Taktisches Luftwaffengeschwader 71 "Richthofen"
Taktisches Luftwaffengeschwader 71 "Richthofen", formerly known as Jagdgeschwader 71 (JG 71) Richthofen is a Fighter wing of the German Air Force. JG 71 was West Germany's first operational jet fighter unit. On 29 June 2013 the last F-4F Phantom fighter flew for the last time, before the type was taken out of service. The wing is now equipped with Eurofighter Typhoon.
|Taktisches Luftwaffengeschwader 71 "Richthofen"|
(Tactical Air Force Wing 71)
— III —
Coat of arms of Tactical Air Force Wing 71 "Richthofen"
|Active||6 June 1959–present|
|Branch||German Air Force|
|Role||Air Defence, Rapid Deployment, NATO Command Force|
|Garrison/HQ||Wittmundhafen Air Base|
|Patron||Manfred von Richthofen|
|Oberstleutnant Oliver Spoerner|
Due to restructuring of the German Air Force, JG 71 was temporally transferred into the newly established Tactical Group "Richthofen" on 1 October 2013. Its parent unit was now Tactical Wing 31 in Nörvenich. On 5 July 2016 the restructuring was reverted and the fighter group again upgraded to a fighter wing.
The unit was formed in June 1959, equipped with 50 Canadair Sabre Mk.6s and stationed at the former RAF Ahlhorn. The highest-scoring fighter pilot of all time, Erich Hartmann, flew the Canadair Sabre (reputedly his favorite fighter plane design), and aircraft such as the Lockheed F-104 Starfighter, in the newly formed wing in the late 1950s.
On 21 April 1961, the 43rd anniversary of the death of “Red Baron” Rittmeister Manfred von Richthofen, JG 71 was given the honorary title of “Richthofen” by Federal President Heinrich Lübke. In 1963, JG 71 transferred from Ahlhorn to Wittmundhafen Air Base.
May 1963 saw the introduction of the first F-104 Starfighters into German Air Force service. In 1974 the Wing obtained its first F-4F Phantom II's and on 19 September 1974 the unit's Starfighters were decommissioned. In 1988 the Wing's secondary role of Fighter Bomber Attack was given up so that JG 71 is now exclusively a Fighter Wing.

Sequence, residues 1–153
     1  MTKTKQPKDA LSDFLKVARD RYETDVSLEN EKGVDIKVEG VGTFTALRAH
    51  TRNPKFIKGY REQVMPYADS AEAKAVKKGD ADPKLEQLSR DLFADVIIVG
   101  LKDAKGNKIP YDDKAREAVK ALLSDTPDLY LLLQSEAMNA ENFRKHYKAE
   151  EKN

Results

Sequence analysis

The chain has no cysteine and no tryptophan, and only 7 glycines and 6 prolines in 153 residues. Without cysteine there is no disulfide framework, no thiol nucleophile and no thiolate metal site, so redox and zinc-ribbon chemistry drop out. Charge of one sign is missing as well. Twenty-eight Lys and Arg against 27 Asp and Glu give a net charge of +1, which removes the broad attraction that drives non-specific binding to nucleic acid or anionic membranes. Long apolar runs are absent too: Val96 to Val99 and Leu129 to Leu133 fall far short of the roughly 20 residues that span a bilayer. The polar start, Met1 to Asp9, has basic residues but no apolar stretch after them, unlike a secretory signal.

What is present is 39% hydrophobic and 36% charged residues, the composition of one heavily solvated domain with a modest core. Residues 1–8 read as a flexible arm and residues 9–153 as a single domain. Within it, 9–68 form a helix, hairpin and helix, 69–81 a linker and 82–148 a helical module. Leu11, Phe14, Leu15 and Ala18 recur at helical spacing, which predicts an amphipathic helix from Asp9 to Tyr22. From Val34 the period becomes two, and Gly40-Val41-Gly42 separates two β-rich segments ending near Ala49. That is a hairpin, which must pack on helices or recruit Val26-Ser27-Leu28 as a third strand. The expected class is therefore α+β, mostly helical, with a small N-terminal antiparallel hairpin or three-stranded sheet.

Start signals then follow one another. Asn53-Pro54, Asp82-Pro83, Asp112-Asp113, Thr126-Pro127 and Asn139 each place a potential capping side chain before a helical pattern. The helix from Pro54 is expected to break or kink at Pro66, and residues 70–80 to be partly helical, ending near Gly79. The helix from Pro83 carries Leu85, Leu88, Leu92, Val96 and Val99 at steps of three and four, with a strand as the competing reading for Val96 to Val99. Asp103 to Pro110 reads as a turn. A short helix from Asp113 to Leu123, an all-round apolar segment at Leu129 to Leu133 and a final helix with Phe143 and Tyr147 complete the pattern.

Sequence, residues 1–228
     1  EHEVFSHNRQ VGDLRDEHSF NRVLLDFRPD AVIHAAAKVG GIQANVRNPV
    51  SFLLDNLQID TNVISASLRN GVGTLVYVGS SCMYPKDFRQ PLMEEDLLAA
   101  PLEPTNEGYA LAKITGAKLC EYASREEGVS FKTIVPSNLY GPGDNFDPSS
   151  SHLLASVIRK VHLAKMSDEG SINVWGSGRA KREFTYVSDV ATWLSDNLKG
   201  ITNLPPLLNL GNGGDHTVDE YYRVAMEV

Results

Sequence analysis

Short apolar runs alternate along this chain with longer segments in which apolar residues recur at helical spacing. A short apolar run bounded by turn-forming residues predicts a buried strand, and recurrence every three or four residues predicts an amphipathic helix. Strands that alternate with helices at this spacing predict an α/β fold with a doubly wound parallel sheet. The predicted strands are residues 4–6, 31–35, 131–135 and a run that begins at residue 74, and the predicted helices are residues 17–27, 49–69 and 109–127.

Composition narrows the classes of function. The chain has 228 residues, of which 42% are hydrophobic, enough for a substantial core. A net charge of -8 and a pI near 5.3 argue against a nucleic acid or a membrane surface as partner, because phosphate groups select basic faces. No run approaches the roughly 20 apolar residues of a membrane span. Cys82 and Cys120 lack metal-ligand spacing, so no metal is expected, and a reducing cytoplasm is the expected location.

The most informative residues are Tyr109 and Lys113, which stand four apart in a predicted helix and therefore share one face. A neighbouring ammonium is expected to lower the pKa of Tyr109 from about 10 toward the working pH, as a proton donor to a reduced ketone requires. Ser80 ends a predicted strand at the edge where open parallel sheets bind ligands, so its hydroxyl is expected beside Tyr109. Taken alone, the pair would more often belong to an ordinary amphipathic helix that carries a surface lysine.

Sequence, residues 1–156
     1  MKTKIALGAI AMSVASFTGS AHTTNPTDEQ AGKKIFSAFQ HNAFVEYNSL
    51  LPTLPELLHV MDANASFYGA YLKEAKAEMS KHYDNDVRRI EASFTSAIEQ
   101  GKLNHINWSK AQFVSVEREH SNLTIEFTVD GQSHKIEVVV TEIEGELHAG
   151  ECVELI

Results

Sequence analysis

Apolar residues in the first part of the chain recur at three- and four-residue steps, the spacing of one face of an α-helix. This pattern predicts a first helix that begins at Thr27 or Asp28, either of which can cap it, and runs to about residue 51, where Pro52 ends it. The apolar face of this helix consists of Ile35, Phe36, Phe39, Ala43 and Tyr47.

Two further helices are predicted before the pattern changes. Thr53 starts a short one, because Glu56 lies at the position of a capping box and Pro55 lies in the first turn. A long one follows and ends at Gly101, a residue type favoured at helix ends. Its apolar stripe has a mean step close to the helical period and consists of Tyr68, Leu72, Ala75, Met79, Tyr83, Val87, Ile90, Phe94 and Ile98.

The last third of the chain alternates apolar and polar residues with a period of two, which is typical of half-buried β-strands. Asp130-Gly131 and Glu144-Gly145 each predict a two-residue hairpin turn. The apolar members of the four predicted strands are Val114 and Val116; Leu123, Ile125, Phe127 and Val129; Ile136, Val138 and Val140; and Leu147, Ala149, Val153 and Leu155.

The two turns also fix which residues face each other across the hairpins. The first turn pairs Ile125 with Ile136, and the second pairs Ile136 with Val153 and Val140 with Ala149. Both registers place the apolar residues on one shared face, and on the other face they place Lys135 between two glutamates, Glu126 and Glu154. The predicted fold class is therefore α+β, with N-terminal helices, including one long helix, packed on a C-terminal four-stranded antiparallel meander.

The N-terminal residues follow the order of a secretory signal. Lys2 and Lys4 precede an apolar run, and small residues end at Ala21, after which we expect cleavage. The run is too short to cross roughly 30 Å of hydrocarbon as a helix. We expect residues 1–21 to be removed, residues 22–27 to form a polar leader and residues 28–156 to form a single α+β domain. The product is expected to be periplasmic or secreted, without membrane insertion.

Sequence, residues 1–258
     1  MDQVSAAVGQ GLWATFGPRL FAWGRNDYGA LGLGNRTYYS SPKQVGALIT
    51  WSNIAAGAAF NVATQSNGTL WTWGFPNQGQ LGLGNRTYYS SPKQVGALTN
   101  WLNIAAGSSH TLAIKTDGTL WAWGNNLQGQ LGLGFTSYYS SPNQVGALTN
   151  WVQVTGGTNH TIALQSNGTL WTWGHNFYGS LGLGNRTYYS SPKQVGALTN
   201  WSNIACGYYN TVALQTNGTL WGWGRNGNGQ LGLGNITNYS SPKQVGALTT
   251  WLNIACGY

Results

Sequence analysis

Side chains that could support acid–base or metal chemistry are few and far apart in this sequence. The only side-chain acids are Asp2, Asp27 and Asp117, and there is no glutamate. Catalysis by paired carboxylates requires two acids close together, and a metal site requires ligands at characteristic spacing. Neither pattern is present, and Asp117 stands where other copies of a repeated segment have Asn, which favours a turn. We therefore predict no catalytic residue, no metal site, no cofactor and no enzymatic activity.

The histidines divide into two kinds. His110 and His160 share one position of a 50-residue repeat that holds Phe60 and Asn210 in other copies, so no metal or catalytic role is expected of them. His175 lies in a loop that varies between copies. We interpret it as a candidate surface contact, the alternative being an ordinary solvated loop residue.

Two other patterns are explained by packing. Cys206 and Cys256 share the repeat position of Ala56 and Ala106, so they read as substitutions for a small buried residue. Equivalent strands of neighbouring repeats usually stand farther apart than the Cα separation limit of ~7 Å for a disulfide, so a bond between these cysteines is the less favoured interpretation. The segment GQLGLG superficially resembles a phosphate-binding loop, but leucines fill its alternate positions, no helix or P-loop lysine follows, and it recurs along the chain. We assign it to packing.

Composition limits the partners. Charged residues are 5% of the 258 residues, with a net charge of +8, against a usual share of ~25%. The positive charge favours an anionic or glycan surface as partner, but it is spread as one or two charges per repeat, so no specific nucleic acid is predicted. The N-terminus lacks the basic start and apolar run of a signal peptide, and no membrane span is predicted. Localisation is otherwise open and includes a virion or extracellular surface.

JG 71 is part of NATO's Immediate Reaction Force, meaning that it must be ready to deploy twelve aircraft on five days' notice. However, the likelihood of having to deploy at such short notice is almost nil, so fulfilling Quick Reaction Alert (QRA) interceptions for Northern Germany is shared with JG 74, which completed Eurofighter conversion in late 2008. Depending on the situation, the dividing line between the two units is roughly Frankfurt-Berlin, with JG 71 protecting the northern part of Germany.
In 2007, for the second year running, JG 71 was German Air Force's record-breaking fighter wing in terms of flying activity, clocking up over 7,600 flying hours. The unit is on 24/7 readiness to intercept unidentified aircraft over Germany. Between June and September 2008 the unit took part in NATO's Baltic Air Policing. The unit participated in a Baltic Air Policing deployment from 1 November 2009. In June 2010 six of the unit's F-4s were deployed to Iceland as part of NATOs Icelandic Air Policing mission.
In 2010 JG 71 began receiving its first Eurofighters. The wing flew a mixed fleet for three years until June 2013 when the last Phantoms were withdrawn.
- "Das Taktische Luftwaffengeschwader 31 "Boelcke"" (in German). German Air Force. 26 November 2013. Retrieved 8 January 2014.
- "Richthofen nach 33 Monaten wieder ein Geschwader" (in German). German Air Force. 5 July 2016. Retrieved 14 July 2016.
- German Phantoms still going strong, Air Forces Monthly magazine, June 2008 issue, p. 42.
- German Phantoms still going strong, Air Forces Monthly magazine, June 2008 issue, p. 40.
- "Baltic Air Policing – Solidarity Among Partners" (PDF). NATO Allied Air Component Command Headquarters Ramstein. Retrieved 8 September 2009.[dead link]
- "German Air Force to conduct once more NATO Air Policing over Baltic States". German Air Force. 24 August 2009. Retrieved 8 September 2009.
- "German Air Force ensures protection of the Icelandic Airspace for the first time". Headquarters Allied Air Command Ramstein. Archived from the original on 22 July 2011. Retrieved 3 October 2010.